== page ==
The good news? The effec­tive solu­tions are well known. But lack of financ­ing is a major prob­lem: pub­lic and pri­vate financ­ing for fos­sil fuels is still high­er than for mit­i­ga­tion and adap­ta­tion8. The major­i­ty of cli­mate finance is ded­i­cat­ed to mit­i­ga­tion. Yet the eco­nom­ic ben­e­fits are sig­nif­i­cant: the Glob­al Com­mis­sion on Adap­ta­tion esti­mates that invest­ing $1.8 bil­lion between 2020 and 2030 can gen­er­ate $7.1 bil­lion in ben­e­fits. These invest­ments include ear­ly warn­ing sys­tems, resilient infra­struc­ture, improved yields in dry­lands, pro­tec­tion of man­groves and water resilience.

“Finance is a nec­es­sary con­di­tion, but gov­er­nance is the major lever,” adds Jean-Paul Van­der­lin­den. The imple­men­ta­tion of delib­er­a­tive and par­tic­i­pa­tive demo­c­ra­t­ic forms is essen­tial. The Cit­i­zens’ Cli­mate Con­ven­tion is a very good exam­ple of appro­pri­ate gov­er­nance when it is fol­lowed by action. The last major lever point­ed out by the IPCC is knowl­edge. Jean-Paul Van­der­lin­den con­tin­ues: “State actors and sci­en­tists have a par­tic­u­lar respon­si­bil­i­ty: to iden­ti­fy the cli­mate sig­nal pre­cise­ly in order to imple­ment the appro­pri­ate means for the adap­ta­tion process.”

The oppo­si­tion between mit­i­ga­tion and adap­ta­tion is over. “A few years ago, peo­ple feared that adap­ta­tion would lim­it mit­i­ga­tion,” recalls Vin­cent Vigu­ié. “It is now clear that the two process­es are com­ple­men­tary.” Espe­cial­ly since mit­i­ga­tion alone is not enough, and some sys­tems are already reach­ing their lim­its. The IPC­C’s con­clu­sions are clear: “Beyond the lim­its [of adap­ta­tion], only mit­i­ga­tion can [meet these challenges].”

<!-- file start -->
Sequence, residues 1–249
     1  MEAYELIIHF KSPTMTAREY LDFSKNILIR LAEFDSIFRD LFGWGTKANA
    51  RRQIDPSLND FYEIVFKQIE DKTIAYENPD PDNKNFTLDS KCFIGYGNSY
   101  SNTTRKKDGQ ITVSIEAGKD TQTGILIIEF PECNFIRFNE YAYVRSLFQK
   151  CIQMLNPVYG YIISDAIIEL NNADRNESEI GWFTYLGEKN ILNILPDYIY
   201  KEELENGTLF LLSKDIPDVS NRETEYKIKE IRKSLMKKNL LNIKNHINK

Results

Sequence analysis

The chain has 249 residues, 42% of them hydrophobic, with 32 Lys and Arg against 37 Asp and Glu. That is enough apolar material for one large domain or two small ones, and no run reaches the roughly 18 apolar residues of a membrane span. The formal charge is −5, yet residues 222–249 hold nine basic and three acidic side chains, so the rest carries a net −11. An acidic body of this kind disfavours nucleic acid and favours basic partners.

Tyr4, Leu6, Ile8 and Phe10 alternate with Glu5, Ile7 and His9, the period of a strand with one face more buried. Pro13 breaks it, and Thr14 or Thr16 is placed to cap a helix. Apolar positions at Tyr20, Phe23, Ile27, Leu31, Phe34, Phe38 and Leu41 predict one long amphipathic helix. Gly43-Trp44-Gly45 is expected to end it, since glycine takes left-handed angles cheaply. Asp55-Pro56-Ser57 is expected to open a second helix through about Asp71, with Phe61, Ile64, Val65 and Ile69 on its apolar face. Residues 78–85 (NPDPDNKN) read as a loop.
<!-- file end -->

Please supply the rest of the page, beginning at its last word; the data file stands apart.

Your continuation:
Anaïs Marechal
1Nalau, J., E. Tora­bi, N. Edwards, M. Howes and E. Mor­gan, 2021: A crit­i­cal explo­ration of adap­ta­tion heuris­tics. Clim. Risk Man­ag., 32, 100292.
2Haut Con­seil pour le cli­mat, juin 2021, Ren­forcer l’atténuation, engager l’adaptation, Rap­port annuel 2021
4IPCC, 2023, Syn­the­sis report of the IPCC sixth assess­ment report, Longer report.
5Glob­al com­mis­sion on adap­ta­tion, sep­tem­bre 2019, Adapt now : a glob­al call for lead­er­ship on cli­mate resilience.
6Ara Begum, R., R. Lem­pert, E. Ali, T.A. Ben­jamin­sen, T. Bernauer, W. Cramer, X. Cui, K. Mach, G. Nagy, N.C. Stenseth, R. Suku­mar, and P. West­er, 2022: Point of Depar­ture and Key Con­cepts. In: Cli­mate Change 2022: Impacts, Adap­ta­tion and Vul­ner­a­bil­i­ty. Con­tri­bu­tion of Work­ing Group II to the Sixth Assess­ment Report of the Inter­gov­ern­men­tal Pan­el on Cli­mate Change [H.-O. Pört­ner, D.C. Roberts, M. Tign­or, E.S. Poloczan­s­ka, K. Minten­beck, A. Ale­gría, M. Craig, S. Langs­dorf, S. Löschke, V. Möller, A. Okem, B. Rama (eds.)]. Cam­bridge Uni­ver­si­ty Press, Cam­bridge, UK and New York, NY, USA, pp. 121–196, doi:10.1017/9781009325844.003.
7Kahan, D.M., et al. (2012), The polar­iz­ing impact of sci­ence lit­er­a­cy and numer­a­cy on per­ceived cli­mate change risks, Nature Cli­mate Change Let­ters, DOI: 10.1038/NCLIMATE1547
8IPCC, 2023, Syn­the­sis report of the IPCC sixth assess­ment report, Longer report.